A 15-year-old boy, Armani Wetini-Ngaropo (Te Rarawa, Te Arawa), has signed with the Gold Coast Titans until the end of 2024. It is a dream come true for the Auckland Boys Grammar student.
Turning down offers from both the Warriors and Bulldogs, Armani and his whānau decided this was the right move.
“It was a dream since I was little. I feel blessed to get this opportunity to develop and learn my game in Australia,” he said.
Following in the footsteps of the likes of Benji Marshall and David Fifita, Ngaropo has secured a scholarship to join Keebra Park High School's prestigious Rugby League Academy from 2022 onward and will join the Burleigh Bears Cyril Connell Cup Squad. He says the move will help refine his skills to set him on the path to success
“I need to get as fit as I can and stronger and to work on my kicking game as well,” he said
For the past 18 months he’s been a part of the junior Warriors development squad learning under league greats like his relative and veteran league star Adam Blair who shares whakapapa links back to Panguru in the Far North.
“It's been good, it has improved my game. We have Adam Blair there and some other legends like Stacey Jones and Tony Iro.”
“They go through everything step by step, which helps heaps with improving my game.”
Of Māori, Sāmoan and Cook Islands descent, Armani sees the importance of representing his culture on the international stage and the many opportunities that come with his whakapapa.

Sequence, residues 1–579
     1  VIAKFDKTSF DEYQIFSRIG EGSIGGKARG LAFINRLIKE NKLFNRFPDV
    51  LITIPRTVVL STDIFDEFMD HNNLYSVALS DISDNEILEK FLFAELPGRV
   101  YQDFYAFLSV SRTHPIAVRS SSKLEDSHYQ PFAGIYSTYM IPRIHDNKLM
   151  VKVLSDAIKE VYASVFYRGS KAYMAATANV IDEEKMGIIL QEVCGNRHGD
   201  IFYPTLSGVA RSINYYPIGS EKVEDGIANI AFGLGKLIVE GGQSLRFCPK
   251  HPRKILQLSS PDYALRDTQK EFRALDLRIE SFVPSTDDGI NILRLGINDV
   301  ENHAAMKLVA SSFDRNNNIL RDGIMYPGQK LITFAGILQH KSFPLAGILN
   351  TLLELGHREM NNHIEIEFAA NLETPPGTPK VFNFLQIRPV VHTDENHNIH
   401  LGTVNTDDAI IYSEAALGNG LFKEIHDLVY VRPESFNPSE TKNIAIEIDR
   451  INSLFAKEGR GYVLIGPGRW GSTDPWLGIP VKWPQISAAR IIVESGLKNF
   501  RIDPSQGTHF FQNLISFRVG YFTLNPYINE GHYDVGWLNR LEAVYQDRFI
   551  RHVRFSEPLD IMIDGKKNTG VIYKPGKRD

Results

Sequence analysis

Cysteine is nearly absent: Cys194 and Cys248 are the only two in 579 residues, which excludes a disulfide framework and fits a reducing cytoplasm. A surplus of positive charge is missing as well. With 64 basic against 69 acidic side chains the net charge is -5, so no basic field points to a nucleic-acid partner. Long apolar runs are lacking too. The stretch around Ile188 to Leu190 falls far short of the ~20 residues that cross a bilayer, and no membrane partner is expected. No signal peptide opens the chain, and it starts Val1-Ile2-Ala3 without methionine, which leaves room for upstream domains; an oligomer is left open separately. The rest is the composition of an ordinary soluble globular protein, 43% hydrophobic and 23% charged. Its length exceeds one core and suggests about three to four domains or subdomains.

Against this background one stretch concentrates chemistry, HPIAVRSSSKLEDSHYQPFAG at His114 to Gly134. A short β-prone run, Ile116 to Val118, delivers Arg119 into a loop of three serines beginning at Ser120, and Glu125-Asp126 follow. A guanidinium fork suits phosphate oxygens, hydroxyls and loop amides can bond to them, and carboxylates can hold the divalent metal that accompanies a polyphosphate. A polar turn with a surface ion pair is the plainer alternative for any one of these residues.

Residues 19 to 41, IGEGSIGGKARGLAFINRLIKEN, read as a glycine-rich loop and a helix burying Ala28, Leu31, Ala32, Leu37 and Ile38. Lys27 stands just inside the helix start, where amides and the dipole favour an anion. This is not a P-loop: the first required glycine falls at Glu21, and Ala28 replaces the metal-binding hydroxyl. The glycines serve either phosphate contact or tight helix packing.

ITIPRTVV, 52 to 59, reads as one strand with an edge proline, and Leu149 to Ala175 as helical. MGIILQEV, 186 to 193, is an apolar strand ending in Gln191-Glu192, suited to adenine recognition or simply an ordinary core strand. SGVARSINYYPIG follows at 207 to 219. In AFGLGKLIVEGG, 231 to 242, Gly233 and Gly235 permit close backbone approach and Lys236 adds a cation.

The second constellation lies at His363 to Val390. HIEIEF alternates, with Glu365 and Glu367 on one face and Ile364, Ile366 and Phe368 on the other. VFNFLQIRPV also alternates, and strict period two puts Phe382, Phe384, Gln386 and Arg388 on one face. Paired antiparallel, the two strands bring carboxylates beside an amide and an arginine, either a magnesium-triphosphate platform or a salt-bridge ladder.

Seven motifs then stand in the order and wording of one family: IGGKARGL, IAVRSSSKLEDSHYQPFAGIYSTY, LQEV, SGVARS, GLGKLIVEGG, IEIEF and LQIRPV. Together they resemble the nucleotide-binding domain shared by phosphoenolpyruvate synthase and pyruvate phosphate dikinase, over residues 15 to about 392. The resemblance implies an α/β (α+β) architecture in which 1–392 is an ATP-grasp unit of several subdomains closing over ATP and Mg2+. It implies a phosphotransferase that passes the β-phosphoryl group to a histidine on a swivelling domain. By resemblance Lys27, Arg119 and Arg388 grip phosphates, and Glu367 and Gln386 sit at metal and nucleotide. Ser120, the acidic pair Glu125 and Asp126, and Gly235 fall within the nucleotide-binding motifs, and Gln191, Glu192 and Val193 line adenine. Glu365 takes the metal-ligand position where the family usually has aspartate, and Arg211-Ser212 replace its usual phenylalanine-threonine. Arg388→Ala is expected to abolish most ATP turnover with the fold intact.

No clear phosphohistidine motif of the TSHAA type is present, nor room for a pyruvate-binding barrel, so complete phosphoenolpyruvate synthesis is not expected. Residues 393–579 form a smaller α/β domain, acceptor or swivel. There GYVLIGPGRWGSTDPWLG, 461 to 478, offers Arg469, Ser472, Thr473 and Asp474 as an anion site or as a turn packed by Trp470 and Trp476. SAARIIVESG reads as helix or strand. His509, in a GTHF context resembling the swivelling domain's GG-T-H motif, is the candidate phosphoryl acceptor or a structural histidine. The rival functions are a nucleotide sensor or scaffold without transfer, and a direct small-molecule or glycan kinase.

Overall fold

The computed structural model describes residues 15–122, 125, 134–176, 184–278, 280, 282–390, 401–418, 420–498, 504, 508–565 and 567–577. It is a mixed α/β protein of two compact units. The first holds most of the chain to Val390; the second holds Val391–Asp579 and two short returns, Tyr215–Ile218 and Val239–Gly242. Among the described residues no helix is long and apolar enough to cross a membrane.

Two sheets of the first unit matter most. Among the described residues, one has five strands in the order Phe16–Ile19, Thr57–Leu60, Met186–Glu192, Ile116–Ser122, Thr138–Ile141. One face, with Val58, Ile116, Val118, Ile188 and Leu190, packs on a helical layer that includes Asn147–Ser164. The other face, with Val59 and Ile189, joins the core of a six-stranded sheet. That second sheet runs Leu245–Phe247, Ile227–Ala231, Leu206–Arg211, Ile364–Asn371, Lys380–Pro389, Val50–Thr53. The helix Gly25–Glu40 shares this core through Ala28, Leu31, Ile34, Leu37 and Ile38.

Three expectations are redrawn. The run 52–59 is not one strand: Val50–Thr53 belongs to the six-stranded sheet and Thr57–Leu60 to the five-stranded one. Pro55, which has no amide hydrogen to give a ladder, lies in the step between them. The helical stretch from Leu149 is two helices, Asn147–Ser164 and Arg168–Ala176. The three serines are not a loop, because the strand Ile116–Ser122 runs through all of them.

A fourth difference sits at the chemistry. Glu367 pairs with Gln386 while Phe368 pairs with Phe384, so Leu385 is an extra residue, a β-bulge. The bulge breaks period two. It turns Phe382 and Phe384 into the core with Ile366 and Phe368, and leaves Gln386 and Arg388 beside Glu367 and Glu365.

“It's important to know who you come from to know where you’re going. I’m proud to be Cook Island and Māori. I love representing my culture through rugby league because it gives me other opportunities as well”
Armani says his success wouldn’t have been possible without the love and tautoko of his parents Corey and Davina and wider whānau. He does attribute his success to his late grandfather Nelson Ngaropo who died in 2017.
“I miss my Papa, he passed a couple of years ago and I wish he were here to see me succeed,” he said
His mum, Davina, is proud of his achievements but says he’s put in the hard yards, and now they’ve started to pay off.
“With Amarni, he’s so dedicated. Out of the three, he’s probably the most organised.”
“He wakes up at 5 oclock in the morning and he’s training until 6am then he’s off to school at 7.30am then he’s off to training again. So that's how the past two years have been, which has got him where he is today,” she said.
With the Delta outbreak here and in Australia affecting travel, it's unknown when he will depart his homeland of Aotearoa to Australia but 'all going well' is likely to be in January 2022